An early general election could mean schools have to cancel their nativity plays, Conservative party chairman James Cleverly has admitted.
Reports have suggested that electoral officials are facing problems planning a potential election before Christmas as many venues usually used as polling stations are already booked up for nativity plays.
Asked about the issue on BBC Radio 4’s Today programme, Mr Cleverly said: “I don’t want to be the Grinch but the point is democracy is incredibly important.”
He added: “We have been prevented from discharging the duty imposed upon us. We want to get on with governing.”
Asked whether the headline ‘Conservatives cancel Christmas’ wasn’t quite what the party was looking for, Mr Cleverly said: “The point we want to make is that there is so much we want to do.”
How likely is an early general election?
In short, fairly likely. The next election isn’t technically due until 2022 but if the EU confirms a Brexit delay, Boris Johnson has said he will push for a general election.
Downing Street reportedly wanted an election in late November, but by law Parliament has to be dissolved 25 working days before an election which means for it to happen before the end of November, it would need to be triggered this week.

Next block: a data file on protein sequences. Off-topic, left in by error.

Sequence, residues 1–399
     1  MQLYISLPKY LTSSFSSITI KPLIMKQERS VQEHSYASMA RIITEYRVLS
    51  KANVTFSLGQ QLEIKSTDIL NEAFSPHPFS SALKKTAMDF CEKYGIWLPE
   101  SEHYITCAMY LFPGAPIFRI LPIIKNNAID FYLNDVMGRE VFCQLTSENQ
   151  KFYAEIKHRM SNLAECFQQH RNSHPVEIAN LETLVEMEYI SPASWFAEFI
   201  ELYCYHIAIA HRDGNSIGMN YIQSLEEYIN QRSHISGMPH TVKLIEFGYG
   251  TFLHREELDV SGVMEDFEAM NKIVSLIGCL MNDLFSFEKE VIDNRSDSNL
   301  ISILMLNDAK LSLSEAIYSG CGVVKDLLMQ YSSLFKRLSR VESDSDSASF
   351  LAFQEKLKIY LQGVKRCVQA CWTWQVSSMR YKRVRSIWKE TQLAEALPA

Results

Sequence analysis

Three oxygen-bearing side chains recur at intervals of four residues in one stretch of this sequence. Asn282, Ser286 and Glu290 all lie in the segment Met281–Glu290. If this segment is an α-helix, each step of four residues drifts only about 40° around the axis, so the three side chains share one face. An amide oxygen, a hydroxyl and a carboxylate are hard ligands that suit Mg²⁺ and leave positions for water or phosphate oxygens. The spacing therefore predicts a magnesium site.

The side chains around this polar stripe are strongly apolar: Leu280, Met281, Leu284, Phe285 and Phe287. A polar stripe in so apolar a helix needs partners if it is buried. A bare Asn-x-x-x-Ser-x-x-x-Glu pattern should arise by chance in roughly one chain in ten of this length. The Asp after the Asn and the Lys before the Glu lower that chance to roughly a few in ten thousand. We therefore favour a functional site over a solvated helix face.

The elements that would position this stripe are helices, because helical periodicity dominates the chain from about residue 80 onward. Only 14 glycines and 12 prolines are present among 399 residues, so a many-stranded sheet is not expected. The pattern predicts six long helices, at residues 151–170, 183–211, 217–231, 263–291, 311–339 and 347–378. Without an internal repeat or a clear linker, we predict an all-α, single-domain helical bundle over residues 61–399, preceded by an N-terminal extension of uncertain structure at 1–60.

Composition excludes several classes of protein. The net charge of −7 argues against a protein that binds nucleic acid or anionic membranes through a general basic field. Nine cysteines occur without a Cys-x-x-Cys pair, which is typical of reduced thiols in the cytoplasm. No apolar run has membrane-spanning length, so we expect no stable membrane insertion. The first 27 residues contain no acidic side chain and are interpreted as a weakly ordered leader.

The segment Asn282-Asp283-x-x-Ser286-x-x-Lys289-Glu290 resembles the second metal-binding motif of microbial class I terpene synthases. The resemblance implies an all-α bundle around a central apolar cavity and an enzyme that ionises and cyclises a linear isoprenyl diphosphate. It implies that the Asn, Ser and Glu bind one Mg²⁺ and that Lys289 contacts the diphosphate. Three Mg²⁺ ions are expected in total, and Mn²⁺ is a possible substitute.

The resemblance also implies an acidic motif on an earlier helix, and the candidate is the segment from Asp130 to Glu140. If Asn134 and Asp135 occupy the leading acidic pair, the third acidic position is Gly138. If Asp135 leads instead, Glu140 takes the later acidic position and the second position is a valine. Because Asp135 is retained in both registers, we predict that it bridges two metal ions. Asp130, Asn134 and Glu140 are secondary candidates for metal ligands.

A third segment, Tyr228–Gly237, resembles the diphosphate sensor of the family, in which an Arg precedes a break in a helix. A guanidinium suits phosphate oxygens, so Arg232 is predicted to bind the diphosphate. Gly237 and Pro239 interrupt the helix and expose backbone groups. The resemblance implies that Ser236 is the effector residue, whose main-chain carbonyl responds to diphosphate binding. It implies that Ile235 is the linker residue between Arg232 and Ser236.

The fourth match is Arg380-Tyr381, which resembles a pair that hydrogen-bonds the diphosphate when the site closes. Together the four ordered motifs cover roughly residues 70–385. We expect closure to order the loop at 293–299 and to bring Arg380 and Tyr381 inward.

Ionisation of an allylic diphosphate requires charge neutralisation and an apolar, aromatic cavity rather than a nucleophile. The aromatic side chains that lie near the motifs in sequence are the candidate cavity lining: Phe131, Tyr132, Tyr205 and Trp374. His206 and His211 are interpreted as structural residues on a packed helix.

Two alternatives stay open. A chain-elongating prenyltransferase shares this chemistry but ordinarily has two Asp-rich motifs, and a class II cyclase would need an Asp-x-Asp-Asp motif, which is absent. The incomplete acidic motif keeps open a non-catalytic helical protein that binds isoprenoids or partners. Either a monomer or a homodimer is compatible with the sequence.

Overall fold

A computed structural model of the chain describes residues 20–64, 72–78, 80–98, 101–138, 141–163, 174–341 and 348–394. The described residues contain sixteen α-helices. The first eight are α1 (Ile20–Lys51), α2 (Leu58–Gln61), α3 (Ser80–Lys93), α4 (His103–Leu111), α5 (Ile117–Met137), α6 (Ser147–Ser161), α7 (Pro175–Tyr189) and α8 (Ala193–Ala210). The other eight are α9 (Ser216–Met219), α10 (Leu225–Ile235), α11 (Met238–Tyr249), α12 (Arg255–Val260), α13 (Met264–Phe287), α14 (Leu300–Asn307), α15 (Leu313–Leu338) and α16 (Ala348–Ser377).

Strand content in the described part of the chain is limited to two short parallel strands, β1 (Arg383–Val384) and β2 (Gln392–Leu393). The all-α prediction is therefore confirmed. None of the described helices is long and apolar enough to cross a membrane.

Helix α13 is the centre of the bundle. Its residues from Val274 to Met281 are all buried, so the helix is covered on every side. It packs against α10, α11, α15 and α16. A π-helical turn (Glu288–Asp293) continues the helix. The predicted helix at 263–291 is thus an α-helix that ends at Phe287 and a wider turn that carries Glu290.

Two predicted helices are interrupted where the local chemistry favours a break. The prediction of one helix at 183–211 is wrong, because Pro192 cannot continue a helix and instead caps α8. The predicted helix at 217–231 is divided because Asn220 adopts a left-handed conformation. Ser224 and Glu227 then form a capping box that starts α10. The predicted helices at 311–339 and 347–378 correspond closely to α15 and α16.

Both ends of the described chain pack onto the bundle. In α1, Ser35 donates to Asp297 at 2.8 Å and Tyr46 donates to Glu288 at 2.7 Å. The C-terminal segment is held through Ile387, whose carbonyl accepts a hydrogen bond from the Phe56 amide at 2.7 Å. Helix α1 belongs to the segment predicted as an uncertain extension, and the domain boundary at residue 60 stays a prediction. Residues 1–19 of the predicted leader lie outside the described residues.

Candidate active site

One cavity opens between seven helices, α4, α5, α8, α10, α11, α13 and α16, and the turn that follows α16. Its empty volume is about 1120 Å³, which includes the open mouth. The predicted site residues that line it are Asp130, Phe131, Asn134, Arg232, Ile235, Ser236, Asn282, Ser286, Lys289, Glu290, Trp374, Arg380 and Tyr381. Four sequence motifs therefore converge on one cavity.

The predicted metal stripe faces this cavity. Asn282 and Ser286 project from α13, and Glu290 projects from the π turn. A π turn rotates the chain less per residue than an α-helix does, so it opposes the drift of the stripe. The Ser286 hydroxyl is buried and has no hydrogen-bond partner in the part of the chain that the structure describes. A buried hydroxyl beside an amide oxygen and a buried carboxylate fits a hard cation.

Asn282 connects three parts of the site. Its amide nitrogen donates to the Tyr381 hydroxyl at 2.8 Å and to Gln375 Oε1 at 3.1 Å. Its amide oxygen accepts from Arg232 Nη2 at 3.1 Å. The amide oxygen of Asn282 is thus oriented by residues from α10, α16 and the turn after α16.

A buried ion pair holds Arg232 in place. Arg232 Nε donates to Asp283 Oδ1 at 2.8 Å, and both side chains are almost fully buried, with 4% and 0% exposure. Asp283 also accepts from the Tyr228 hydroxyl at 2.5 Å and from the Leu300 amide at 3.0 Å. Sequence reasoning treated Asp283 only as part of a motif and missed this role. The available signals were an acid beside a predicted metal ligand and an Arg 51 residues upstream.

Elections are traditionally held on a Thursday which means if one was triggered next week the earliest it could happen would be December 5 - making it the first December election since 1923.
However, the Cabinet’s split over the idea.
A December vote doesn’t bode well - in 1923 Tory PM Stanley Baldwin went from a majority to a hung Parliament, leading some to warn against an election before Christmas.
However, one Cabinet minister reportedly told the Telegraph that they are keen for an election “this side of Christmas”.
Labour has also signalled that it will support an early election.
Asked by Radio 4’s Today programme if Labour would vote in favour of a general election as soon as the prime minister asks for one, shadow business secretary Rebecca Long-Bailey said: “If he goes straight to calling for a general election of course we’ll support a general election.
“But... if having been offered a pragmatic compromise it would be viewed quite unreasonable for the prime minister to not put his bill through parliament.”
Pressed on the issue of whether Labour would vote for a general election as soon as Mr Johnson asks for it, she added: “That’s our position. But we also want the prime minister to look at the compromise that’s been offered that a lot of MPs support, and that’s the ability to be able to properly scrutinise the bill.”